Jen: For me, the most impactful adventure stories are always tales of triumph over adversity – I’m married to survival instructor John Hudson (whose thoughts in his recent book How to Survive have influenced mine on prioritisation in creativity) – we share a lot of thoughts and there’s a big overlap between creativity and survival. When not in lockdown, we spend a lot of time walking in wild, remote places and exploring in our chats the power of positive psychology, improving creative thinking and building resilience. You need all of these things to survive being an artist! It might be because it’s on my to re-watch film list currently, but an impactful adventure story that immediately comes to mind is Wild by Cheryl Strayed. It’s a true story of a contemporary pilgrimage, all to do with pressing the reset button, scratching right back to what we truly need and what we really are, the power of beauty, regaining control of our situation, carrying less baggage, all wrapped up in one. I’m in story-harvesting mode at the moment for a new series of paintings – so there’s a plethora of survival stories from prehistory right through to the latest news reports which will be interwoven – but I like the simple narrative device of the journey along the Pacific Crest Trail in ‘Wild’, and we’d love to walk it ourselves one day.
What is one item you find invaluable for storytelling?
Jazz: A small sketchbook - I use my sketchbook to make paintings of walks and trips by taking just 15-20 minutes to stop and paint along the way. Given that I often have to carry my painting equipment as part of my walking and camping gear, I've tried to make this as lightweight as possible. My set-up includes a fine black pen with waterproof ink, a travel watercolour set and a sketchbook. I keep these in a small waterproof pouch to protect them from the elements.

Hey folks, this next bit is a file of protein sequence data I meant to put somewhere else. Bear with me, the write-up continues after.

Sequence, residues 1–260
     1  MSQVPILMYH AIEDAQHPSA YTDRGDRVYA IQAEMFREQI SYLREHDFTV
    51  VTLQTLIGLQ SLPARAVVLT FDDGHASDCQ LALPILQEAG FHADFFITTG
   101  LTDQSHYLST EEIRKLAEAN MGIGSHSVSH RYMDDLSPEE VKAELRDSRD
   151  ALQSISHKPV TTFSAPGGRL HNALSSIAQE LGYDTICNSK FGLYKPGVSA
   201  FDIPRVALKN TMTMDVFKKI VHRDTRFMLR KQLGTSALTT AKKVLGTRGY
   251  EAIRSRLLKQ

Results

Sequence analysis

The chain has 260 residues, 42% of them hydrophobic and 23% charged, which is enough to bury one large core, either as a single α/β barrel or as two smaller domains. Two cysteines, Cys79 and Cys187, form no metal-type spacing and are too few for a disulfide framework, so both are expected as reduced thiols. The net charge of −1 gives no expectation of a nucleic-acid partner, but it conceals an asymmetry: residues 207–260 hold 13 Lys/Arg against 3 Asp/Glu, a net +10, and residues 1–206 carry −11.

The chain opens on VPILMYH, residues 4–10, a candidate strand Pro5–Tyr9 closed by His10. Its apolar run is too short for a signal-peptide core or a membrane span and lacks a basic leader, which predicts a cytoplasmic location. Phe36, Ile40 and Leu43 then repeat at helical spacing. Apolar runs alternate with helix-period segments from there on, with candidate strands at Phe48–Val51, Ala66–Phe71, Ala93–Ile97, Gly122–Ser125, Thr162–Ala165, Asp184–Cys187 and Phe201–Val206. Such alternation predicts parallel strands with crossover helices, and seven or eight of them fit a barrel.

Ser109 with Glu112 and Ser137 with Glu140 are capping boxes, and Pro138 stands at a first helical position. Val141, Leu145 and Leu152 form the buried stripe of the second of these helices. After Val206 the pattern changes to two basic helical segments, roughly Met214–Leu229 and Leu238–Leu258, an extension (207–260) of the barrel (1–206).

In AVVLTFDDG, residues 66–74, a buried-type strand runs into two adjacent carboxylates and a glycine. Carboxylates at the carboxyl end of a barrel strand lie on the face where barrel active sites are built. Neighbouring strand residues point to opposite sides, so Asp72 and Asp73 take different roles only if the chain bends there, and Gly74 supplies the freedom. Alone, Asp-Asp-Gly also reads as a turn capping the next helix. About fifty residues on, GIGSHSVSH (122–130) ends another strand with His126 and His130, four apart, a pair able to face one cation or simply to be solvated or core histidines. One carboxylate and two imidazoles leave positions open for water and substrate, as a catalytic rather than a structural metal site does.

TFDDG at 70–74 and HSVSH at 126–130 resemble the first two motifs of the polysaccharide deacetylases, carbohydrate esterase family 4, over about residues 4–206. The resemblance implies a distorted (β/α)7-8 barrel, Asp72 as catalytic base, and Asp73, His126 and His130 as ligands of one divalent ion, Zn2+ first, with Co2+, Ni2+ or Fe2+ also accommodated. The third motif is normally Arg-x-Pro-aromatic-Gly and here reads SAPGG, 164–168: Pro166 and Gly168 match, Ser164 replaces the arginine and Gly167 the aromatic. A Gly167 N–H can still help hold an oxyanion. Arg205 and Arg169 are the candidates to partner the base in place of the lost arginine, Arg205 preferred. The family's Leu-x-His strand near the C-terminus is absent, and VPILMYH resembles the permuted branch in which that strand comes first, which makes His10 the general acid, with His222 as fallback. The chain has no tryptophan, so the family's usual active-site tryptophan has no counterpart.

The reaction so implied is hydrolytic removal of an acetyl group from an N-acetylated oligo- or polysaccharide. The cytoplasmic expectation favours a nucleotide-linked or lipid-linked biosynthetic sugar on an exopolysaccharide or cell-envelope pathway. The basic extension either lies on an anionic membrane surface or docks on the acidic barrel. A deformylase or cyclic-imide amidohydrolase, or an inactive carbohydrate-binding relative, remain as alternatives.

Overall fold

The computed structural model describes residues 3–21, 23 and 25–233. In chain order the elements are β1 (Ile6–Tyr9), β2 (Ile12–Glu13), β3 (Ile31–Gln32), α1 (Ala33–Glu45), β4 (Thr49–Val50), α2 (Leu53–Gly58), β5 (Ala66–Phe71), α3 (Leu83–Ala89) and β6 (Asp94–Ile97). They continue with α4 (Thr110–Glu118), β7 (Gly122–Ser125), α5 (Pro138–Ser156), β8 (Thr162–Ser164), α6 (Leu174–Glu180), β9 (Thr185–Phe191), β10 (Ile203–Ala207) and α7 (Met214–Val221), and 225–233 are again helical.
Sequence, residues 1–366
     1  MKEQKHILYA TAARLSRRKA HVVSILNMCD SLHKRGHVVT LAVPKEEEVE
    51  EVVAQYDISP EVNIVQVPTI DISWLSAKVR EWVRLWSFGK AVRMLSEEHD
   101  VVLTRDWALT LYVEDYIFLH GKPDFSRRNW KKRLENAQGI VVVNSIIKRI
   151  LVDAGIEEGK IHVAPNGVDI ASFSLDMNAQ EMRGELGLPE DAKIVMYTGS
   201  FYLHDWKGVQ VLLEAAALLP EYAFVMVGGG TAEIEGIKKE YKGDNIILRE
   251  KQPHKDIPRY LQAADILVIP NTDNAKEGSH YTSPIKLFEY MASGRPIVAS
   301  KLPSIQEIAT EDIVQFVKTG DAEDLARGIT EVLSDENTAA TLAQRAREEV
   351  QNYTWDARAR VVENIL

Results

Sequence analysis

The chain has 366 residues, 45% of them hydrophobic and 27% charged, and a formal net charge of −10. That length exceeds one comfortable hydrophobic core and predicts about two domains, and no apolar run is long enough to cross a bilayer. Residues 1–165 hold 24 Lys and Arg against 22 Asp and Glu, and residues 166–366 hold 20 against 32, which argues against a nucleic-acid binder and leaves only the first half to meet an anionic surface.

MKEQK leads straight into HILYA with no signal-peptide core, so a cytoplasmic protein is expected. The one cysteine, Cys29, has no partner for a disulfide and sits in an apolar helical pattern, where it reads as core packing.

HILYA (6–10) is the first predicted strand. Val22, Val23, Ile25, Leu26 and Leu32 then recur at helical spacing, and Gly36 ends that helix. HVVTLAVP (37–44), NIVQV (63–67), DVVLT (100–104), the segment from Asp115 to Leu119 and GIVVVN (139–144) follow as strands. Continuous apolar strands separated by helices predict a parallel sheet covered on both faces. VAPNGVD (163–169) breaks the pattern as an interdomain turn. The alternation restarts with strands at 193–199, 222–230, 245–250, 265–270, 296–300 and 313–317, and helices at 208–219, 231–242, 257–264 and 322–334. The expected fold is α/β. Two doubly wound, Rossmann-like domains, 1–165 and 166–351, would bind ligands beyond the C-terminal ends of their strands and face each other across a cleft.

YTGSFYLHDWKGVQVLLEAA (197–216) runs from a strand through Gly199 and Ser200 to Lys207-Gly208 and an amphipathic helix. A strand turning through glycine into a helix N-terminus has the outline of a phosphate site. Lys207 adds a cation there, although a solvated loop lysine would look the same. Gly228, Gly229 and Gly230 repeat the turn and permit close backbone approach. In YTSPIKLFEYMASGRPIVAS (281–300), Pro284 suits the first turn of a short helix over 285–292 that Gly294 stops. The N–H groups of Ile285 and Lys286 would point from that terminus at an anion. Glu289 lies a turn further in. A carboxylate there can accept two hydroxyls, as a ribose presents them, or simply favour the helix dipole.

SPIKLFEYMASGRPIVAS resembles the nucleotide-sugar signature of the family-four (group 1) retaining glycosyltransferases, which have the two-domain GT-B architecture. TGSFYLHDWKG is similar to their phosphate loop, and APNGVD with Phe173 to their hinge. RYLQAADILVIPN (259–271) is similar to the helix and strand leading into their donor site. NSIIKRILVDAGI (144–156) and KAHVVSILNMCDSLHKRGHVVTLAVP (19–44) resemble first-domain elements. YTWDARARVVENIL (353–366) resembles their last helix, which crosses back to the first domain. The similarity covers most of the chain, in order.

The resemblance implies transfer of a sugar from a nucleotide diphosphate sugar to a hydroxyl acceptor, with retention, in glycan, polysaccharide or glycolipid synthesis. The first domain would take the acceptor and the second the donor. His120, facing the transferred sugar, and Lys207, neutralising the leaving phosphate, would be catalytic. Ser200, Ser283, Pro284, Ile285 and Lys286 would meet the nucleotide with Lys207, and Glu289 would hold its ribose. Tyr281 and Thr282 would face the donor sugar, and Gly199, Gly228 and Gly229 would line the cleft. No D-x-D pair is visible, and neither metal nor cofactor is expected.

Jen: My most invaluable item for storytelling is a notebook, just something I can quickly get ideas down onto as I travel or cogitate, to be used as a resource, memory-jogger or raw material sometime later. When long-distance walking, I have a pile of photocopied maps in a waterproof case around my neck and scribble notes on them, writing down phrases which act as mnemonics and can take me right to a very particular place in time when I’m back in my studio. I also write all over the furniture in my studio, whatever is within reach. When I paint, my brain is continually sorting through and making sense of everything it’s stored, the paintings are often amalgamations of thousands of still-frame moments. I’m not really sure where the ideas and images come from sometimes, it’s like being a conduit. Each note could be the start of a painting, a story in itself. if I didn’t have a notebook, I’d find a cave wall and use stones to write with and if I couldn’t write I’d use sketches and pigments. It’s literally that primal.